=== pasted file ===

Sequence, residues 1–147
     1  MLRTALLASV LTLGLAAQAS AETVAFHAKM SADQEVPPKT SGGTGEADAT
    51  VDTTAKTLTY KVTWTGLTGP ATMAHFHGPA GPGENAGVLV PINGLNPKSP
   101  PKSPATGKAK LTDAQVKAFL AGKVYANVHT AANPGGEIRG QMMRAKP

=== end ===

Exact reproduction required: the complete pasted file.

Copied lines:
Sequence, residues 1–147
     1  MLRTALLASV LTLGLAAQAS AETVAFHAKM SADQEVPPKT SGGTGEADAT
    51  VDTTAKTLTY KVTWTGLTGP ATMAHFHGPA GPGENAGVLV PINGLNPKSP
   101  PKSPATGKAK LTDAQVKAFL AGKVYANVHT AANPGGEIRG QMMRAKP